William Duff and Anthony R. DeMeo, the plaintiffs, were probationary custodians in the Milton public schools. See G. L. c. 31, Section 34, as appearing in St. 1978, c. 393, Section 11. [Note 2] Before the date on which he would have achieved tenure, each received a notice of discharge from the superintendent of schools "on grounds of insufficiencies in quality and quantity of work performance and attitudinal problems." A judge of the Superior Court thought the statement of reasons for terminating the employment of Duff and DeMeo failed to satisfy the requirement of Section 34 that the notice state "in detail the particulars wherein his conduct or capacity or the character or quality of his work is not satisfactory." The judge entered judgments in favor of the plaintiffs, directing reinstatement and awarding back pay. From those judgments the school committee has appealed.
The case is controlled by Costa v. Selectmen of Billerica, 377 Mass. 853 (1979). We are of opinion that the reasons for discharge given by the superintendent "identified observed characteristics" of each of the plaintiffs. Id. at 861. While the language of the superintendent's notice is lamentably bureaucratic in style and suffers from consequent opaqueness, the only plausible message is clear enough: the custodians didn't get as much done as they should have and what they did was not done well. Moreover they were uncooperative. The letter of dismissal could not have come as a surprise as it stated "[e]valuations of your performances [sic] have been conveyed to you in previous meetings." The notices, therefore, touch on the employees' conduct, their character and the quality of the work performed. Scott v. Manager State Airport, Hanscom Field, 336 Mass. 372 , 376 (1957). It is not required of employers that they describe incidents or events of unsatisfactory performance, Costa v. Selectmen of Billerica, 377 Mass. at 861, although doing so would head off the sort of controversy here presented. The judgments are reversed and new judgments shall be entered dismissing both actions.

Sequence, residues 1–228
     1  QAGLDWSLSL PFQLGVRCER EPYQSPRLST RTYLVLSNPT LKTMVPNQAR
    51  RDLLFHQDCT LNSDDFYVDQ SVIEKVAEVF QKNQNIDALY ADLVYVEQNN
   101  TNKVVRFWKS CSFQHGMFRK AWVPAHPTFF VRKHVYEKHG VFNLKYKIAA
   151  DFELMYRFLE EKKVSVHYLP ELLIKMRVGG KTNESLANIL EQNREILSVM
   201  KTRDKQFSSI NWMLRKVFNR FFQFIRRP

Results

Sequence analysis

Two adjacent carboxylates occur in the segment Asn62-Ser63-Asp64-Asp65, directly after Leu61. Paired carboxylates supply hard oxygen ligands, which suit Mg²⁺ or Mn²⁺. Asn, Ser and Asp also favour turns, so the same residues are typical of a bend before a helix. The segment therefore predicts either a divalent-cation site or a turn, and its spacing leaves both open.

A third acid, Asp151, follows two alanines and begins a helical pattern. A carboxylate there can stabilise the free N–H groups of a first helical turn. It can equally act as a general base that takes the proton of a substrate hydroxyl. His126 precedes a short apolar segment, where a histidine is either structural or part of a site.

[Note 1] Anthony R. DeMeo vs. School Committee of Milton.
[Note 2] An amendment to Section 34 effected by St. 1981, c. 767, Section 18, is not material.
In this action for an accounting and payment of profits due on an oral contract, the defendants moved to dismiss the plaintiff's amended complaint under Mass.R.Civ.P. 12(b)(6) and 56, 365 Mass. 755 , 824 (1974). At the hearing on the motion, material in addition to the pleadings was before the judge, who entered a judgment under rule 12(b)(6). As it does not appear whether the judge excluded this material from his consideration in
allowing the motion to dismiss, "we treat the judgment of dismissal in so far as it may have been granted under rule 12(b)(6) as a summary judgment." Mongeau v. Boutelle, 10 Mass. App. Ct. 246 , 247 (1980). See also Woodbridge v. Worcester State Hosp., 384 Mass. 38 , 39 n.4 (1981).